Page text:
Albert von Le Coq

Sir Aurel Stein

Sir Aurel Stein (1862-1943), considered by the Chinese to be the most heinous of the 'foreign devils' and by Western scholars to be 'the most prodigious combination of scholar, explorer, archaeologist and geographer of his generation', embarked on his first archaeological expedition to Chinese Turkestan in 1900. His amazing discoveries led to honorary degrees from Oxford and Cambridge, knighthood from the British government, the gold medal from the Royal Geographical Society, and numerous other awards. His findings were divided: the murals are to be seen in the National Museum of New Delhi, but the rest lies largely unmarked and poorly displayed at the British Museum, possibly in deference to China's outrage at his successful 'theft'.

Stein was born in Budapest, studied Sanskrit and Persian in Germany, Britain and Austria and joined the administration of Britain Raj in 1887. In 1990, well aware of the extraordinary discoveries of Sven Hedin and the potential gold mine that Chinese Turkestan offered archaeologist and historians, he organized his first journey to Khotan to search for evidence of Indian influences on Buddhist art and to undertake ' a systematic exploration of the Silk Road sites'. Stein believed that since native treasure seekers were finding manuscripts and antiquities with careless, unprofessional searches, a thorough investigation would certainly yield more of the same.

At Dandan Oilik where Hedin first travelled, northeast of present-day Khotan, Stein found Sanskrit texts of the Buddhist canon, some dating from the fifth and sixth centuries, in what had once been a library in a monastery. Among the ruins were painted wooden panels depicting a two-humped Bactrian camel, revealing a mix of Indian, Persian and Chinese influences-the term 'Serindian art' was coined by Stein. He continued on to the town of Niya, which was once an important oasis along the southern route of the Silk Road, where he found more wooden tablets, letters inscribed in Kharoshthi, a script of northwest India that dates from the time of Christ. These tablets are concurrent with the arrival of paper from China around the second century AD, for paper was initially rare and expensive. Nearby, he found wooden tablets with clay seals bearing the figure of Athena, with aegis and thunderbolt, as well as other Greek figures, including Eros and Heracles.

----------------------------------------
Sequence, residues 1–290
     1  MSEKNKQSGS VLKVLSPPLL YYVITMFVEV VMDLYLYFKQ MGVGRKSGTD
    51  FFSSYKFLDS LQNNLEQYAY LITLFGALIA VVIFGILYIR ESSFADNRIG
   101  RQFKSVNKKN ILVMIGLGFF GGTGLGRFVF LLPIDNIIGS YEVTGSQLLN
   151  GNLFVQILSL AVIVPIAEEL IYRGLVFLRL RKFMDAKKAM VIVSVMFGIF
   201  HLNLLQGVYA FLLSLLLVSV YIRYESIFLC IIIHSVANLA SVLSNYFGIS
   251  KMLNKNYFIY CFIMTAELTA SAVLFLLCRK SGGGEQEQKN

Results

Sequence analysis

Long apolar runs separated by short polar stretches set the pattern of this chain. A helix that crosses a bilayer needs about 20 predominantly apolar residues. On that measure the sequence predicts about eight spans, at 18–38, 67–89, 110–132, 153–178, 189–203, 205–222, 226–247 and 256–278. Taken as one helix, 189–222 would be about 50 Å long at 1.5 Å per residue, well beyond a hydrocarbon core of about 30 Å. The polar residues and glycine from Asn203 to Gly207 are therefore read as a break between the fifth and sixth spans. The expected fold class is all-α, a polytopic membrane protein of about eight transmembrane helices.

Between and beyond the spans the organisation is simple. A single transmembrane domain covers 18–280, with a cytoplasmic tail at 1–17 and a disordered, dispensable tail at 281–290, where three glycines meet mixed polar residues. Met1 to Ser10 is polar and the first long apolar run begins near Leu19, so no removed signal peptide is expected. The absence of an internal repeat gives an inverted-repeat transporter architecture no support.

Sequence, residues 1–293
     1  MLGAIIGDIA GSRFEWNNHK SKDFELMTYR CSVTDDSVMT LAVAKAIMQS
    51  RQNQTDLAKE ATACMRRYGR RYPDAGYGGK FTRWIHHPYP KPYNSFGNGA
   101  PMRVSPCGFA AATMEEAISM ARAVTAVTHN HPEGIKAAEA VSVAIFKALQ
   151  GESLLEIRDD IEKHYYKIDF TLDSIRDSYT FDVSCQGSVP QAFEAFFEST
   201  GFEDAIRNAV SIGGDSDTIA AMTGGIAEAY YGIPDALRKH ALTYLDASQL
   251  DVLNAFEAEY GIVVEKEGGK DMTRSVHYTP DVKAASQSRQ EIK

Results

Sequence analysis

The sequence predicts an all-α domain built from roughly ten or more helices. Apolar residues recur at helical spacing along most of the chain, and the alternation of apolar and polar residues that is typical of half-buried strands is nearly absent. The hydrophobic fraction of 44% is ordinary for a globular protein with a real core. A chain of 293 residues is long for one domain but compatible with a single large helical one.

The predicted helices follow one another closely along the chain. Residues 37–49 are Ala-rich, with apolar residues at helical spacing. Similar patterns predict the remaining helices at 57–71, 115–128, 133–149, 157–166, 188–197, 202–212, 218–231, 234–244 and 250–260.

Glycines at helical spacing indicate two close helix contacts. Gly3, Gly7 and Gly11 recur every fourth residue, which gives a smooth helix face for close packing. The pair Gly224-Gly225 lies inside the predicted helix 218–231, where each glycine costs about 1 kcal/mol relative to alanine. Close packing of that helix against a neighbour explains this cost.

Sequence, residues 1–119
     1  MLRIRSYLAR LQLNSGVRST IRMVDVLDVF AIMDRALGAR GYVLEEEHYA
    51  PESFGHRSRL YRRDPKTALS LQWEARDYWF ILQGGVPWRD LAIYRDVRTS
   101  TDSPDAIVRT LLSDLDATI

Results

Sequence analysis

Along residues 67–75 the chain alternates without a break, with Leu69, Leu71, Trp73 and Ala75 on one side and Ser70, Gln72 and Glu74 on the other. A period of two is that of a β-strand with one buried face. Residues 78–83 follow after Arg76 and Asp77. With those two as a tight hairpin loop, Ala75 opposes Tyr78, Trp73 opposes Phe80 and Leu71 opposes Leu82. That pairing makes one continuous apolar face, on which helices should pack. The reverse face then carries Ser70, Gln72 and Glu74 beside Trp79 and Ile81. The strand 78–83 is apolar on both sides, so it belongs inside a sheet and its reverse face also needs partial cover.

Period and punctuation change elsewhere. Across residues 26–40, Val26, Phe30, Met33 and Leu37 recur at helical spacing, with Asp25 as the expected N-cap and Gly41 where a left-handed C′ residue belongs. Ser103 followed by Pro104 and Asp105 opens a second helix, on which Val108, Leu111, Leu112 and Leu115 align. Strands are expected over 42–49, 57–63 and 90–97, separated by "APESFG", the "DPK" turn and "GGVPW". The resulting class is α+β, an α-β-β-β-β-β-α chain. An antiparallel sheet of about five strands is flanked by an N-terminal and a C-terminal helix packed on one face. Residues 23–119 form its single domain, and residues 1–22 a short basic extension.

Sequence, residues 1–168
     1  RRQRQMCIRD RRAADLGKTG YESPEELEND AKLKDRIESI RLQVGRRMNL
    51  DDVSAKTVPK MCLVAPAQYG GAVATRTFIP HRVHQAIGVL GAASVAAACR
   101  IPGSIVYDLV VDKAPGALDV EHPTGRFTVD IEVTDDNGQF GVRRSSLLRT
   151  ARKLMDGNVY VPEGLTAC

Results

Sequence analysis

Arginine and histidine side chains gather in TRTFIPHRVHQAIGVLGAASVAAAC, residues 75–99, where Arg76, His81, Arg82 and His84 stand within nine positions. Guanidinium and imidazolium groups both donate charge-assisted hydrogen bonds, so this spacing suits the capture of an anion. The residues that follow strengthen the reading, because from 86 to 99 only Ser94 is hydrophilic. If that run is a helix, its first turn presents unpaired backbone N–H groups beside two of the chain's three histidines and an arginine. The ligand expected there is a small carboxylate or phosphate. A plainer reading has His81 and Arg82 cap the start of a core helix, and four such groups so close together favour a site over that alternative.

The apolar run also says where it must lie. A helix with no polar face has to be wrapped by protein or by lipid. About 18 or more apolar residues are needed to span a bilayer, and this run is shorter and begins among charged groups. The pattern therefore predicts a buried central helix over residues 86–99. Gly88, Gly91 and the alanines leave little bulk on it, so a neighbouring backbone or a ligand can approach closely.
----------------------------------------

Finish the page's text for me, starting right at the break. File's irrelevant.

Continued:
Stein's second mission in 1907 (accompanied by his faithful terrier, Dash) took him to Charkhlik, across the haunted Great Desert of Lop, so named by Marco Polo, to Loulan, his only guide being the recently available map of the region by Hedin. At Loulan, Stein found military records and official documents in an old rubbish dump dating from the third century. Little is known about this period of Chinese history, a fact which has only made the Chinese even more enraged about the removal of these documents. Kharashthi documents on wooden tablets show Loulan had once been an outpost of an ancient Indian empire. Stein next left for Dunhuang, where he made his most remarkable discoveries at the Mogao Caves, the largest rock temple complex in Central Asia.

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From Book "The Silk Road Xi'an to Kashgar"-Judy Bonavia

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